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Wisconsin Rules! ...wait, now there's a heat wave?!?
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Wisconsin Rules! ...wait, now there's a heat wave?!?

Wisconsin Rules! ...wait, now there's a heat wave?!?

Some of you may have noticed we haven't posted in over a week. Well, partly that was due to Ohio, Indiana and Illinois being REALLY boring (no offense to anyone from those states). I try to stay present and find something beautiful in every place...and day after day of cornfields will get to anyone. Partly it's due to the challenge of timing. When we do arrive in a town with a library, it's usually either not open, or it's too early or late for a break.

Our short foray into Illinois began with what we thought would be an 80 mile day into Chicago, where Adams friend Darren lives. Late morning the clouds in the NW started to turn dark, and Adam remarked that it looked like there was going to be a thunderstorm. I thought we could make it to the next grouping of houses, which looked to be about a half mile away. Before we could get to those houses, the wind picked up quite suddenly, nearly knocking us off our bicycles, and it began to rain. There was a barn (of course, we were still in the middle of cornfields) which we ran over to, with the wind whipping dirt and sand into our eyes. Luckily the barn was unlocked, so we were able to pull our bikes inside just as the downpour began. The picture shows the clouds right before it started pouring. Being from Oregon, it's easy to think we know rain. However, I have only seen rain like this on a few rare occasions in my life, and it was amazing the speed with which the storm built, arrived, and spent itself. As the last of the thunder faded away, we got back on our bikes and enjoyed the momentary cool brought on by the storm.

I don't remember if it was due to getting lost, miscalculation, or using google directions, which are always wrong, but at 70 miles on our odometers that day, we realized we had at least 30 more miles to do to get to Darren's house. It was hot, I was tired, and what I've discovered about myself in those types of situations is that I get to complain about it for a minute, then just suck it up and do it. I had been wondering when I would do my first century (not only of this trip, but ever), but didn't expect it to be sprung on me. In some ways, it was better that way. We had done the majority of our day before I had to mentally face the thought of a 100 mile day. The last 15 of the day were hard, but I just stuck with my standard mantra for those things: just keep going. It works for me. We got there, after 105 miles, found a Thai restaraunt, and rewarded ourselves for a long day.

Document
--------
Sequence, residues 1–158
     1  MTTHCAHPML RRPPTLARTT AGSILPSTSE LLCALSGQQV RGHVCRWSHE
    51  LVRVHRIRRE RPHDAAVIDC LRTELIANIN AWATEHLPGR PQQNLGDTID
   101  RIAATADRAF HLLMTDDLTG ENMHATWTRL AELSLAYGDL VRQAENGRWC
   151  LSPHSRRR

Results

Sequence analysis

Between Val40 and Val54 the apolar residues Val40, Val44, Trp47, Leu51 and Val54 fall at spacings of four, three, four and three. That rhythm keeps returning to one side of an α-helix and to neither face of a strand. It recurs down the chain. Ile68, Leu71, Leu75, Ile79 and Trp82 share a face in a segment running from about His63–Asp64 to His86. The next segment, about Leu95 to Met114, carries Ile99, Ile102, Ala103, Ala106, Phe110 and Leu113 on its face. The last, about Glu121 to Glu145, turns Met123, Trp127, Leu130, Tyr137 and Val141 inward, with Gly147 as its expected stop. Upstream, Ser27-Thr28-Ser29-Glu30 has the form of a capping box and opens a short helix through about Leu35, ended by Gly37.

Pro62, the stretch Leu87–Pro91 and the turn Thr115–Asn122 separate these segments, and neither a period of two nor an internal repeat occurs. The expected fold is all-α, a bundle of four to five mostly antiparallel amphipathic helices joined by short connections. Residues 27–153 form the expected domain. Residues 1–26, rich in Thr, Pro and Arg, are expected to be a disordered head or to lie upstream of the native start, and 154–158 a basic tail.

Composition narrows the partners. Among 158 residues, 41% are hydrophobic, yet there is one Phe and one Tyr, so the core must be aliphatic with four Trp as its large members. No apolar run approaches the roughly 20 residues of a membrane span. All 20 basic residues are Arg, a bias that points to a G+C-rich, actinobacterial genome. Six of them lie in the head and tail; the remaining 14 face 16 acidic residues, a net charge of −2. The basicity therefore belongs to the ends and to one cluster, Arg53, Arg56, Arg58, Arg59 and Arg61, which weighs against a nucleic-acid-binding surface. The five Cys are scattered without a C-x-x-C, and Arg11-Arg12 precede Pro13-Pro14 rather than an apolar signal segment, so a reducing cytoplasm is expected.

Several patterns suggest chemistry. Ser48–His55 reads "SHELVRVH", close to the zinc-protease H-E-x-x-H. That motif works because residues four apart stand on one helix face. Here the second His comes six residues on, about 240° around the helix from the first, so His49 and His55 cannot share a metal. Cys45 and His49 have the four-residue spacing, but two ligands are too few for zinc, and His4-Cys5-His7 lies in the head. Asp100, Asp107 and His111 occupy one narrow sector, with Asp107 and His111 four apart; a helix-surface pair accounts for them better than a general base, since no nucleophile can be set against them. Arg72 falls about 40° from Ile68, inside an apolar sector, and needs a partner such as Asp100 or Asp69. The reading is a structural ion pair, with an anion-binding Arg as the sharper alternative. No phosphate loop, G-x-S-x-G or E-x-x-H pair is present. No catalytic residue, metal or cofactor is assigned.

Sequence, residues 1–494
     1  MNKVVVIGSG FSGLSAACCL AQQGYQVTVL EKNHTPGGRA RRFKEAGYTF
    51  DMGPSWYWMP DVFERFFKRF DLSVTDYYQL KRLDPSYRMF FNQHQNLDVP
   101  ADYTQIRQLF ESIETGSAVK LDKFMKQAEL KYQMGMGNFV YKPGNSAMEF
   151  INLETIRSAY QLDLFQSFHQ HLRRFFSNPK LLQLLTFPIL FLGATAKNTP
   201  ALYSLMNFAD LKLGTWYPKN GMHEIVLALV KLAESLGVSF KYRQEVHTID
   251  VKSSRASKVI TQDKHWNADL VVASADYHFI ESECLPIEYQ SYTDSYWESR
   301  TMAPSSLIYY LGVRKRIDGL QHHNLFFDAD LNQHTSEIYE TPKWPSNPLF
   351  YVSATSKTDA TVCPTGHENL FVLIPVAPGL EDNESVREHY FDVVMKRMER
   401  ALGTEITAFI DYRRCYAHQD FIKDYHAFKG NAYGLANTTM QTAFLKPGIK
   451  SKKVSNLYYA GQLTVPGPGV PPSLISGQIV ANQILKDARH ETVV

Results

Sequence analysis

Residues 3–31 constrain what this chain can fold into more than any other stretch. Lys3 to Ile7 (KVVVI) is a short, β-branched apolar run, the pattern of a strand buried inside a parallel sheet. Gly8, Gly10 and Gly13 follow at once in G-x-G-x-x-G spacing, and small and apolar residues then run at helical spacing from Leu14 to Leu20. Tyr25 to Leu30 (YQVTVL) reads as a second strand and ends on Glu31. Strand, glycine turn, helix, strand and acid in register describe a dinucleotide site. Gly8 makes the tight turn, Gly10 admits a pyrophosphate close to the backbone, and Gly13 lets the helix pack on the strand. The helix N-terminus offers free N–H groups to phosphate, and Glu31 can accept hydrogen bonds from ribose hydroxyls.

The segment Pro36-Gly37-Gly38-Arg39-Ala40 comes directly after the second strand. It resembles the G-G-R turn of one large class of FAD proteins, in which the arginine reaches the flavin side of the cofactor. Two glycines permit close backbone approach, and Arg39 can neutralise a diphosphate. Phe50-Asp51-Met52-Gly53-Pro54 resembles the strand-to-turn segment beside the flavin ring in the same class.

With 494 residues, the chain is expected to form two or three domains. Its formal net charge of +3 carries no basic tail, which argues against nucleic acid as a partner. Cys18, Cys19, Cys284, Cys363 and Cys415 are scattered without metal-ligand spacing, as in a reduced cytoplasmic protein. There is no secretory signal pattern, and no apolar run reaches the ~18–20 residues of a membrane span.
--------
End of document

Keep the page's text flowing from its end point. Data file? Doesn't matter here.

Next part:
Our day in Chicago was busy, with the type of errands one needs a larger city to do. Darren works at a bicycle collective called The Recyclery. They have communtiy hours, where people can come in and use their tools and workspace, and get some friendly instruction as well. We were able to really clean our bikes for the first time on the trip-at this point we had done about 1,200 miles total. With clean bikes and Darrens hospitality to see us off, we were ready to head towards Wisconsin. We just had to get out of Chicago first. As I've mentioned before, on tour it's important to roll with the punches. Illinois kept punching us. We couldn't find the trail to get out of Chicago, and went only 12 miles in 2 hours. Then the trail didn't actually connect with the road we were supposed to turn on, so we ended up in the suburbs, on highways to get back on route. Illinois suburbanites evidently do not like cyclists, as we were yelled at and honked at many times. This had not happened up to that point on our tour, and interestingly enough, when we crossed into Wisconsin, people stopped honking at us, except to do so and then give a friendly wave.

Our first few days in Wisconsin were glorious. The weather cooled from being in the 90's to the high 70's. The landscape began to have more variety and features. There were still cornfields, but rather than mile after mile of unbroken cornfields, there were also rolling hills with wildflowers, cool forested areas, and fields of crops other than corn. We were on beautiful winding country roads with very little traffic. On one such day, I saw on our map that we would be crossing the Ice Age National Scenic Trail. One of the lesser known long trails in the US, this was very exciting to me as a thru-hiker, and as a friend of Clint, a sometimes Next Adventure employee and avid thru-hiker. If I'm wrong he can correct me, but I'm pretty sure the Ice Age Trail was Clints first thru-hike! Although I like bike touring, I think I'm still more of a thru-hiker at heart, with my eye still set on the Continental Divide Trail as my next adventure.

This brings us almost up to date and current, although our adventures in Madison with my friends Laura and Joe will have to wait for another post. So will the trials and tribulations of a heat wave with 80% humidity; because distance provides perspective, and right now neither of us have perspective, we're just hot, sweaty and tired (Adam thinks I should use the word miserable instead).

Stay tuned for more on Wisconsin's awesome trails and scenery, awful humidity and bugs, and some more gear reviews.

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